The Dispatch of Indian Armies to Shanghai in 1927: the Shanghai Defense Force
III Economic interests of the British Empire and Industrialization in Asia
The Structural Power in the world economy
Industrialization in Asia and the British Empire
In recent years, there appeared several new and provocative arguments in the fields of history of international relations and international economic history. Among these, two studies are worthy of note; that is, the Gentlemanly Capitalism by P.J. Cain and A.G. Hopkins in the field of British Imperial History1, and the argument of intra-Asian trade by Kaoru Sugihara in the field of Asian economic history2. This paper is to connect these new trends of research and to locate the British Imperial History as the ‘bridge’ for constructing the ‘global history’, which seemed to be a newly emerging historical concept for revealing the historical origins of globalization. By integrating these new researches, this paper is to reconsider the historical roles of the British Empire in the process of formation and maintenance of Asian international order in the late nineteenth and the first half of the twentieth centuries3.
I pay special attention to the following three viewpoints.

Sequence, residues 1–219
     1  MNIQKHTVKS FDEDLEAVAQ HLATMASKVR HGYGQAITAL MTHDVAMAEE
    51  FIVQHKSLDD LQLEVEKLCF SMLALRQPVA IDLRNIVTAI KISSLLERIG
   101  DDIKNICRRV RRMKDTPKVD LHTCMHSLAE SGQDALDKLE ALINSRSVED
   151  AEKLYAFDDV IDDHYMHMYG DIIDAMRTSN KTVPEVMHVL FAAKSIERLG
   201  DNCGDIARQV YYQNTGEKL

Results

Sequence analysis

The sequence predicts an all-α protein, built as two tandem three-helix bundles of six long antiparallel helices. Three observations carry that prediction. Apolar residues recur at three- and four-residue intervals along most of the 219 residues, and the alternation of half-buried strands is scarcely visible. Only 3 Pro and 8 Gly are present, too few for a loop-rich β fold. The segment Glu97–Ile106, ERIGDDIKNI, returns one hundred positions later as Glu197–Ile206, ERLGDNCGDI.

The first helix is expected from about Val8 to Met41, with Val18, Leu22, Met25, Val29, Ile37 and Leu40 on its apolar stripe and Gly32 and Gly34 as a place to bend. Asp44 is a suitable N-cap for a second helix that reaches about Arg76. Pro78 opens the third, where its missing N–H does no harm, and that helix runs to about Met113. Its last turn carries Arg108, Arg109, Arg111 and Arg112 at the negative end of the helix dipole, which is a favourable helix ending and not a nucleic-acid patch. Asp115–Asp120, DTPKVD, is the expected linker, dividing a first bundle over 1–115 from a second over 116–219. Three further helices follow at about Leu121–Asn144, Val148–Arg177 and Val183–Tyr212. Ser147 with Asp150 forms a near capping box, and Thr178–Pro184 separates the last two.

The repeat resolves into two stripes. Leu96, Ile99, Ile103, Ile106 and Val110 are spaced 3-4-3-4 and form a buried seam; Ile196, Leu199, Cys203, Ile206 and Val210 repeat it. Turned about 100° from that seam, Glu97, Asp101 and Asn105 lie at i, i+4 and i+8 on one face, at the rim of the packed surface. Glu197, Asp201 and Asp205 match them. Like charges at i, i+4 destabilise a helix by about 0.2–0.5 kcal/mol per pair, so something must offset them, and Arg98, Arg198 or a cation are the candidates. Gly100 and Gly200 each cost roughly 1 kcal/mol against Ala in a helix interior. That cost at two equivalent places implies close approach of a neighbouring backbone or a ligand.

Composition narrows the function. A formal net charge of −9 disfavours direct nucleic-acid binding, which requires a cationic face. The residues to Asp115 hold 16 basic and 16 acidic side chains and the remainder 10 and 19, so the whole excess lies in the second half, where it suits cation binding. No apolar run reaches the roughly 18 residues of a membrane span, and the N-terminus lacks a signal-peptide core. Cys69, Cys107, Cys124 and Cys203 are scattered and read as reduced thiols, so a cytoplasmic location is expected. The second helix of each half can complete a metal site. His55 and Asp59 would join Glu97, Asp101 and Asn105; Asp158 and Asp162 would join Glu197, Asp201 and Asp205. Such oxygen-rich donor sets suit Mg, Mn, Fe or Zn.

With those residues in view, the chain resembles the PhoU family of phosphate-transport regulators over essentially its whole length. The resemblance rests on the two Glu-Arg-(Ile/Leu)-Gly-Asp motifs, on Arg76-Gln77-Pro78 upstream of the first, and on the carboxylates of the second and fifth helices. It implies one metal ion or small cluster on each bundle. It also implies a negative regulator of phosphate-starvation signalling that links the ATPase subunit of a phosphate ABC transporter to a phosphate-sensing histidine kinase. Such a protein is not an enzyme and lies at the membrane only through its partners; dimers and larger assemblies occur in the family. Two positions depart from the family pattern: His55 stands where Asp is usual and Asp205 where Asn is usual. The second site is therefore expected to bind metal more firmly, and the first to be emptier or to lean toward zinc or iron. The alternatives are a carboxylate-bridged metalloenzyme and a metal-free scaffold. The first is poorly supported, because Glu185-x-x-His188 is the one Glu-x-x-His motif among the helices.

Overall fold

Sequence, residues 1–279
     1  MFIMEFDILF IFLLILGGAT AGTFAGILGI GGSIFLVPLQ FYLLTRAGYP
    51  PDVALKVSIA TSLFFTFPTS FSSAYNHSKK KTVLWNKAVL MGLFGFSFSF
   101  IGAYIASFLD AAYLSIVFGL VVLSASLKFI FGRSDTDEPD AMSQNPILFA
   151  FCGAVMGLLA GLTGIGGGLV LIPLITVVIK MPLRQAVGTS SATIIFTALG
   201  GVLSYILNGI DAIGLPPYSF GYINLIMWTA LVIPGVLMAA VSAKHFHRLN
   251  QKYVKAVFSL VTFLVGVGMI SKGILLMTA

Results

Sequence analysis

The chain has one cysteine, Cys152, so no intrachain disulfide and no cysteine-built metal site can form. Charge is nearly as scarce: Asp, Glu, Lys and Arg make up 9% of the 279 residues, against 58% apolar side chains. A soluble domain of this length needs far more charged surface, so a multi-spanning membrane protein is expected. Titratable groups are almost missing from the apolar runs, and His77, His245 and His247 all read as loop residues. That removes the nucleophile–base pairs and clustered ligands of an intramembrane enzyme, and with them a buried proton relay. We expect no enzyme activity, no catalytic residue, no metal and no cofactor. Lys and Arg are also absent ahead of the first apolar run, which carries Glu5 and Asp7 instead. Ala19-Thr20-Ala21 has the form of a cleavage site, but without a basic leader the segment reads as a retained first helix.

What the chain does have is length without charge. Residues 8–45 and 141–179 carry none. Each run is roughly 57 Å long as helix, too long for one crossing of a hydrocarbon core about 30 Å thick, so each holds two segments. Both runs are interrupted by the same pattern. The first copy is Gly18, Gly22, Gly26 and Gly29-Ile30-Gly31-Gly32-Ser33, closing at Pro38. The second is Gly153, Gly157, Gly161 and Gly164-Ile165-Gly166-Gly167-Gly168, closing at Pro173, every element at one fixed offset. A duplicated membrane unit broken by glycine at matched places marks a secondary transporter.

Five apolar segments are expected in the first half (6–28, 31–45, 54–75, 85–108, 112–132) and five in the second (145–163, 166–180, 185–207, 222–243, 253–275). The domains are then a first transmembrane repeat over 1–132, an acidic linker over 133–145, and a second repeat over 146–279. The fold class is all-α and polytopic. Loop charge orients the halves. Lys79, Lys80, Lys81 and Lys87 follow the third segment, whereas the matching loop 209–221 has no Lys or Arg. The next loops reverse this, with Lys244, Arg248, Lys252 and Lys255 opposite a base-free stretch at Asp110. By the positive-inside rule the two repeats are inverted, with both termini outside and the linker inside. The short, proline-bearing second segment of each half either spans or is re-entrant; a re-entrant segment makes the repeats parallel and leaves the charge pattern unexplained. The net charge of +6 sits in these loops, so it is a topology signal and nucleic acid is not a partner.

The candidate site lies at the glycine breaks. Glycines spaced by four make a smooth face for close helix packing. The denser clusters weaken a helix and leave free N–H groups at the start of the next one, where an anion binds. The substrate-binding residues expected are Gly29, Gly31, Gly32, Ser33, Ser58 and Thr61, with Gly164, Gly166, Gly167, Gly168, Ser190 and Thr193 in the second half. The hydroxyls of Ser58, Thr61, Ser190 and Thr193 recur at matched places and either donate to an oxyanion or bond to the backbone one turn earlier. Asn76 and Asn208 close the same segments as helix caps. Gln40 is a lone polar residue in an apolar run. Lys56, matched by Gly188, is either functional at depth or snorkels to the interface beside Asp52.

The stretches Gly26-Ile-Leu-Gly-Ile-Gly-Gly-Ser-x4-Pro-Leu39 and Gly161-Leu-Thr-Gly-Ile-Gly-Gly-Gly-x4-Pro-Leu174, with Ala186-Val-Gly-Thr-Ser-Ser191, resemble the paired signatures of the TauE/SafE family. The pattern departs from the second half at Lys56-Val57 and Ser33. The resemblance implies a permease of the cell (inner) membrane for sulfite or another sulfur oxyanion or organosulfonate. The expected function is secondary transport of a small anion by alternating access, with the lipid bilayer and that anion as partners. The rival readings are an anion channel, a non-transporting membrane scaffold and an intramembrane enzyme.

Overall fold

Firstly, I introduce the argument of the ‘structural power’ by Susan Strange of international political economy4 into the British Imperial History, and critically re-interpret its concept to evaluate the roles of the British Empire in the progress of economic globalization. Susan Strange defined the structural power as the power, which could set the ‘rules of the game’ and enforced them to others in the international order of political economy. From historical perspectives, she identified two structural powers, that is, the United Kingdom in the latter half of the nineteenth century and the United States in the twentieth century5. In the fields of the history of international relations and the World-System analysis, these two states were recognized as the ‘hegemonic states’ in the Modern World-System6. The hegemonic state could exert its influence globally in the whole economic structure of agriculture, manufacturing, and financial and service sectors, as well as in the military and diplomacy. In this paper, I try to distinguish the roles of the ‘hegemonic state’ and the ‘structural power’ in that, in the declining phase of the hegemonic state, especially in the phase of its relative decline of military power, it exerted a different power from the formative and the climax periods of the hegemony. I use the term of the ‘structural power’ for grasping the peculiar character of the hegemonic power in decline from global perspective. In the case of Great Britain, the term of ‘structural power’ might be appropriate to use for the periods of the Inter-War years, especially for the 1930s.